TB6: Let’s forget your pseudo-intellectual pretenses to a universal “philosophical” definition of “religion” aside for a moment and consider the vague legal definitions.

    GW6: No, let’s not forget my fine definition of “religion.” If you think you have a better one, present it.

    TB6: In fact, in the legal world, there has been a reticence to clearly define religion, as there are so many religions with added or missing components that always seem to defy strict definition.

    GW6: That is not a sufficiently good reason for the reticence.

    TB6: The idea, generally, is that if people identify with it as their religion, it is. That may sound basic, but I also think it’s appropriate philosophically.

    GW6: I disagree with that idea. It is not appropriate philosophically.

    TB6: You, of course, have your assumptions (like the true asshole you clearly are) and seem certain that if it weren’t for the “tactical” aspect, we’d pack up and go home with no need to identify with Satanism. In fact, that’s not true.

    GW6: Your personal attacks are unethical and irrelevant. Try to stay on the topic.

    TB6: A hard definition of religion could be handed down by the Supreme Court that would exclude us, but we’d still carry on identifying as Satanists, having events and rituals, organizing and interacting — but then what would we be?

    GW6: A nonreligious worldview, of course.

    TB6: Eventually, we’d become recognized as a religion in time anyway, and if you think that’s inaccurate, I think you’re clearly stupid.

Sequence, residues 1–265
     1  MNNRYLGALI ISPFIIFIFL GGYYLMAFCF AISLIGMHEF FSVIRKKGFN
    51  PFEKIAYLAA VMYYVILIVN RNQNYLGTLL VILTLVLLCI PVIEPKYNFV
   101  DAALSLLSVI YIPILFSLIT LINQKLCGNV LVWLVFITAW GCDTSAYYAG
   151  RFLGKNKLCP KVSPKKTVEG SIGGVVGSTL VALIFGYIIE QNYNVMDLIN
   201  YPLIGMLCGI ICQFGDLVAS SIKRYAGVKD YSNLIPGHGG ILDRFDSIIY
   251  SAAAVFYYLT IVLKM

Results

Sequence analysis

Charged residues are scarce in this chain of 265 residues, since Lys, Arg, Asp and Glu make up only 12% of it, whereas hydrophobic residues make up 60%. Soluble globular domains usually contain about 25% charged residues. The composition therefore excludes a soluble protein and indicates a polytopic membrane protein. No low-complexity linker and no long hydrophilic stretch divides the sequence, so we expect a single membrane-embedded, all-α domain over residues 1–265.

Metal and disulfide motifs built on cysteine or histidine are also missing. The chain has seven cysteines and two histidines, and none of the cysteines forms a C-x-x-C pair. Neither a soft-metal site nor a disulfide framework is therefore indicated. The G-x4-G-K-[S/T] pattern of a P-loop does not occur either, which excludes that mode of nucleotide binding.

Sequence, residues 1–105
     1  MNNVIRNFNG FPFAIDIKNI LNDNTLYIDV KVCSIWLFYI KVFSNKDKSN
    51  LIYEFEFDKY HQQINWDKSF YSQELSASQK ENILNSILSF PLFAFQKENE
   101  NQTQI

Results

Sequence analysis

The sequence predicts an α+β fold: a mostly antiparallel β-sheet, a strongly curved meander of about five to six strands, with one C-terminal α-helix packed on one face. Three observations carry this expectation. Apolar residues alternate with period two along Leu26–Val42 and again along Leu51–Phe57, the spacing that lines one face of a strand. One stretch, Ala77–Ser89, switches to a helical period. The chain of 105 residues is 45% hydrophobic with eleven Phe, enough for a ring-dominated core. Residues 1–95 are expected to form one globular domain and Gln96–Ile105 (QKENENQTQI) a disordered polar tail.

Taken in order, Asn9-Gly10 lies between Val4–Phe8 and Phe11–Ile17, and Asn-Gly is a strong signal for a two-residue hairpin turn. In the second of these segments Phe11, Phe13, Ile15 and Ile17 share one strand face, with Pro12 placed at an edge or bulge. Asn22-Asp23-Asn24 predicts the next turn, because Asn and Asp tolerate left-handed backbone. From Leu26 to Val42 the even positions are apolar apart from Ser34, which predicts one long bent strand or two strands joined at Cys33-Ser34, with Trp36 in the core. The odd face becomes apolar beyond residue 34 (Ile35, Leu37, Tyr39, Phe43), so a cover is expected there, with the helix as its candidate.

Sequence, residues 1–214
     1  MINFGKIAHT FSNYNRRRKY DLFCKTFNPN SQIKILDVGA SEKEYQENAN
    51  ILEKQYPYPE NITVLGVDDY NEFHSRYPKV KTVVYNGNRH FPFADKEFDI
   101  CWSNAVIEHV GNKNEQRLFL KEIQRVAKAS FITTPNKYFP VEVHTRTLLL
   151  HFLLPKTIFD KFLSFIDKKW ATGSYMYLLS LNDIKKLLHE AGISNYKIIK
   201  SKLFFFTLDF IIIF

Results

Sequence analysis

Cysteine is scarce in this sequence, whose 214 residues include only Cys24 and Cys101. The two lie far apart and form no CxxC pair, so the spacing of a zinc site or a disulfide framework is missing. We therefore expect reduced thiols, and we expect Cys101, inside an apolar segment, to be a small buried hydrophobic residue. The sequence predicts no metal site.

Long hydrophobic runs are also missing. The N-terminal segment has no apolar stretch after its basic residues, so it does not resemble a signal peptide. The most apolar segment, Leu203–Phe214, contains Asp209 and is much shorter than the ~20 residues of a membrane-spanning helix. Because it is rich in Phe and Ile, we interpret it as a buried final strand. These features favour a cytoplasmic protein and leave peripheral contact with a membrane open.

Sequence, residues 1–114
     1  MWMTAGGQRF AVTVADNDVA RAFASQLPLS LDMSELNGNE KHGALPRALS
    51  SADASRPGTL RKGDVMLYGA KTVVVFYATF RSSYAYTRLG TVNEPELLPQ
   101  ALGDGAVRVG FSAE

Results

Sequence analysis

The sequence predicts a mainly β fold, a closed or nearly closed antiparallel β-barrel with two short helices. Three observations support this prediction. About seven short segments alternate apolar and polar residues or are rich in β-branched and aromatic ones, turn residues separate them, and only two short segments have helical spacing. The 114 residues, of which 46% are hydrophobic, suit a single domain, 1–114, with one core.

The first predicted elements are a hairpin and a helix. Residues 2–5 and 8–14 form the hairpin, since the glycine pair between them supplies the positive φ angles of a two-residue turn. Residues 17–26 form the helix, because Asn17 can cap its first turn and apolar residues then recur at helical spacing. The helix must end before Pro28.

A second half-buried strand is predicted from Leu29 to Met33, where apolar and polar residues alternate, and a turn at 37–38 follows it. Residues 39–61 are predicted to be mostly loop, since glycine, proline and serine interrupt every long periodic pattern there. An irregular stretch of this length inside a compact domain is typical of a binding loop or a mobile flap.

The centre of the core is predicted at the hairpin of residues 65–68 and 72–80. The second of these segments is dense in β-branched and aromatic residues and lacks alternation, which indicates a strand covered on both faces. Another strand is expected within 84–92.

GW6: There you go again – another person attack. Being mean doesn’t add any value to your disagreement; in fact, it detracts value.

    TB6: But let’s think more directly about the spirit of religious exemption and privilege. Is it truly just to preserve the superstitions of fools, or is it to protect their deeply-held beliefs and values?

    GW6: Please present one example of religious exemption you’d like to focus on.

    TB6: Why are values and beliefs arrived at by dysfunctional superstitious thinking to be preferenced over any other?

    GW6: I think we agree that they shouldn’t be, so why ask “why?”

    TB6: Do you think we don’t truly believe in personal sovereignty and bodily autonomy because we’re not deranged enough to think Satan is speaking to us?

    GW6: You guys don’t believe in Satan. Do you guys believe in rights to personal sovereignty and bodily autonomy? If so, do you believe those rights are absolute?

    TB6: Are Christians who don’t believe in the Second Coming or don’t believe in Biblical Literalism not “real” Christians?

    GW6: People are either Christians or they are not. There are no “real Christians” or “artificial Christians.” What is your definition of a “Christian”?

    TB6: For “rationalists” or “philosophers” who are worth either of those titles, any type of narrative construct that contextualized one existential grounding and provides the framework for their non-negotiable values is a religion.

    GW6: I totally disagree with you. Such postmodernist, wishy-washy, vague views of religion are an obstacle to the proper scientific and philosophical study of the phenomenon.